Michel Butor, French writer, Died at 89


Michel Butor was born September 14, 1926, and died on August 24, 2016.

He was a French writer.

Michel studied philosophy at the Sorbonne, graduating in 1947.

Michel Butor has taught in Egypt, Manchester, Salonika, the United States, and Geneva.

Butor has won many literary awards for his work, including the Prix Apollo, the Prix Fénéon; and the Prix Renaudot.

Many Journalists and critics have compared his novels with the nouveau roman, but Butor himself has long resisted that association.

The main point of similarity is a very general one, not much beyond that; like exponents of the nouveau roman, he can be described as an experimental writer.

Michel Butor best-known novel was La Modification, for instance, is written entirely in the second person.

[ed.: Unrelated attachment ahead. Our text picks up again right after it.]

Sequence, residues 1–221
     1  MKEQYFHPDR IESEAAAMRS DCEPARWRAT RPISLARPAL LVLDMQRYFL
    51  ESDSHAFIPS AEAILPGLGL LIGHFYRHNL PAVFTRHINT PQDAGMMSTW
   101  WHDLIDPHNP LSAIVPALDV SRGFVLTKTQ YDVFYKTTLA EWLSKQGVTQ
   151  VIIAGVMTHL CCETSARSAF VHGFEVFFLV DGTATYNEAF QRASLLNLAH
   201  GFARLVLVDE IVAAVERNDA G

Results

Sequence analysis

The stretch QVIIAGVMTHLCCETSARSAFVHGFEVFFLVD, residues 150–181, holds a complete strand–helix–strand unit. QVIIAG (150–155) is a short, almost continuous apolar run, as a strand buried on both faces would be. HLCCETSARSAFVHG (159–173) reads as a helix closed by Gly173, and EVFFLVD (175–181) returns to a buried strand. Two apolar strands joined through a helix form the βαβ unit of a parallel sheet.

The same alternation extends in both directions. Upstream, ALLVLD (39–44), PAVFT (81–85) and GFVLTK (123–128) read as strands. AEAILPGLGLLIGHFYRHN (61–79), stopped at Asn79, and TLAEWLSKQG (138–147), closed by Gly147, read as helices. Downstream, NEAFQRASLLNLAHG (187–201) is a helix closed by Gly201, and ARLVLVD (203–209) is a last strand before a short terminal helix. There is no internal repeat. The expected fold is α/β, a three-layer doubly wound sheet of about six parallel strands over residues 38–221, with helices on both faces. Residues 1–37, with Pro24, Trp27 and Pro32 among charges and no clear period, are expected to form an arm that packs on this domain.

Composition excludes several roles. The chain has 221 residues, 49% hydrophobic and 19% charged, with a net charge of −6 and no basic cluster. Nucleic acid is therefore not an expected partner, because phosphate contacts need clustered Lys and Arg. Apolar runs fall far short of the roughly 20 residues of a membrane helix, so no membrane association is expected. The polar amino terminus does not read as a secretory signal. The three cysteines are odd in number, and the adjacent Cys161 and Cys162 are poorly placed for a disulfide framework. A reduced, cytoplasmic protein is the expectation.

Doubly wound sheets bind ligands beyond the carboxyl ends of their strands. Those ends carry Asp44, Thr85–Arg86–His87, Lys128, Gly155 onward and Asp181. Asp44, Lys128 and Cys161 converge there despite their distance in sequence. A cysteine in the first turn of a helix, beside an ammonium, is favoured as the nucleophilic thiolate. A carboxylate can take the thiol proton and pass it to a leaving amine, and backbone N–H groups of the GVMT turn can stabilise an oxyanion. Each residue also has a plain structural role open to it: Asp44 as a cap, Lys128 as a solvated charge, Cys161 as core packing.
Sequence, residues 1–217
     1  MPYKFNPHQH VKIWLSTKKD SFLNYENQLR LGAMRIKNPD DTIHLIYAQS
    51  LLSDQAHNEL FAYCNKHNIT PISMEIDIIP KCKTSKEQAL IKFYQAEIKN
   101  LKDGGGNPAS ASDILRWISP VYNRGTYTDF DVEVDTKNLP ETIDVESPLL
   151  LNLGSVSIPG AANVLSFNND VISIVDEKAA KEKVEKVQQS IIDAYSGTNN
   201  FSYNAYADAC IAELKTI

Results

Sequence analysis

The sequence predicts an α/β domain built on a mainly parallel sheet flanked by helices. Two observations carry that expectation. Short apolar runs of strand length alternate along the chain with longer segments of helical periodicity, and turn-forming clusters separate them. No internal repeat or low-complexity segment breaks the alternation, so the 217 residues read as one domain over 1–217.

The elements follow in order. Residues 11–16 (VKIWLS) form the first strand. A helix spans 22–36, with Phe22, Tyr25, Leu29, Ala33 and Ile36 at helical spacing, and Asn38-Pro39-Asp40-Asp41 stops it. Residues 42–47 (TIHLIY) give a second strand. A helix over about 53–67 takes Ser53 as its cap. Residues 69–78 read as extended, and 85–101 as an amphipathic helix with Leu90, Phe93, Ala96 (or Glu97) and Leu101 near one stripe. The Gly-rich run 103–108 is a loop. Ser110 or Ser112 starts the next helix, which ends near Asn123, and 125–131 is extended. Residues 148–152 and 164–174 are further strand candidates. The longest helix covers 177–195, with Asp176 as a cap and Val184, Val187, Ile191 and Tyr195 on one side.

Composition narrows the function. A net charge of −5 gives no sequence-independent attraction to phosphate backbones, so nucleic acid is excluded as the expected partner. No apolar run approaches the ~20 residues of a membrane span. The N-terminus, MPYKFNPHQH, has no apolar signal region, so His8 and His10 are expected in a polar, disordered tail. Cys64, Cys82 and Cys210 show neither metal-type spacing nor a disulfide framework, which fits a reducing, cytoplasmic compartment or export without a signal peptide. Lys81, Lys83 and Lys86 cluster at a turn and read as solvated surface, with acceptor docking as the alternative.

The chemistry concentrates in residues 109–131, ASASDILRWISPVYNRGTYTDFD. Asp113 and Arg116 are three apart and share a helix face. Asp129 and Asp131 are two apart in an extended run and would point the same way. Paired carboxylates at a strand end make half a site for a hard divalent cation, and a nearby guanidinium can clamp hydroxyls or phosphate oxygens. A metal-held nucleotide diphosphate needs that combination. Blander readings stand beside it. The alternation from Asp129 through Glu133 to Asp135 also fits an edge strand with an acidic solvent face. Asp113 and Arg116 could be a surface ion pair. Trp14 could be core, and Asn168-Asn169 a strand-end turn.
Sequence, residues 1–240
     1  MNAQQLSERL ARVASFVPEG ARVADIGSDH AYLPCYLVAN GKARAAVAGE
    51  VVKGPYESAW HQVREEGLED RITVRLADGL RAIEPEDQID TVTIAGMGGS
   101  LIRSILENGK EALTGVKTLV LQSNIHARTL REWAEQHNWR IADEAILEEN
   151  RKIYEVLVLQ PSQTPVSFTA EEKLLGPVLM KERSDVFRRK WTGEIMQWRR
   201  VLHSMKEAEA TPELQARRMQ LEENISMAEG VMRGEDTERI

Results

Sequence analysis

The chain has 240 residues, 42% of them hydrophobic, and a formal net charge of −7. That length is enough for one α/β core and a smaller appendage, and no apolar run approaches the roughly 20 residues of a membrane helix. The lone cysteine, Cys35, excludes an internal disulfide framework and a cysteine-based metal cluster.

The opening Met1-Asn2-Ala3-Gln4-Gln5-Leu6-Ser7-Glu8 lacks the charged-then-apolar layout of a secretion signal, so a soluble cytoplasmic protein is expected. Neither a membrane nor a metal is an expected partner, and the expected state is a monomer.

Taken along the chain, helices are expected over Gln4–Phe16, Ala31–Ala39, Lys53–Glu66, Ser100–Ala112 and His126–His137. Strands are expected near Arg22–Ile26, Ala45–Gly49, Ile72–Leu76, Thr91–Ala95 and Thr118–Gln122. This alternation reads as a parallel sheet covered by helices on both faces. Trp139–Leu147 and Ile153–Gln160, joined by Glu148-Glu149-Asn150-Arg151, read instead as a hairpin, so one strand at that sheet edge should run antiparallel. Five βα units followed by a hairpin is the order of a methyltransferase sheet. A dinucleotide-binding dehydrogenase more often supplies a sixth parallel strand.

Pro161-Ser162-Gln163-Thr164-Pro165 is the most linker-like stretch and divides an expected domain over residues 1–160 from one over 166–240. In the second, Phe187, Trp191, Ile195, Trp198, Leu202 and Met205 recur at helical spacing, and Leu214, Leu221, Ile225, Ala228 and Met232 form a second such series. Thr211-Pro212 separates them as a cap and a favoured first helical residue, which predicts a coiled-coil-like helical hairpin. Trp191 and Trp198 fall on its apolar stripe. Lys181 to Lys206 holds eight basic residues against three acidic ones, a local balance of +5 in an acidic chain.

In 1967, he wrote La critique et l’invention, Butor famously said that even the most literal quotation is already a kind of parody because of its “trans-contextualization.”

He was a close friend and colleague of Elinor Miller, a French professor at Embry Riddle University. Butor and Miller worked collaboratively on translations and lectures.

During 2002, Miller published a book on Butor entitled Prisms and Rainbows: Michel Butor’s Collaborations with Jacques Monory, Jiri Kolar, and Pierre Alechinsky.

Michel Butor passed away at 89 years old.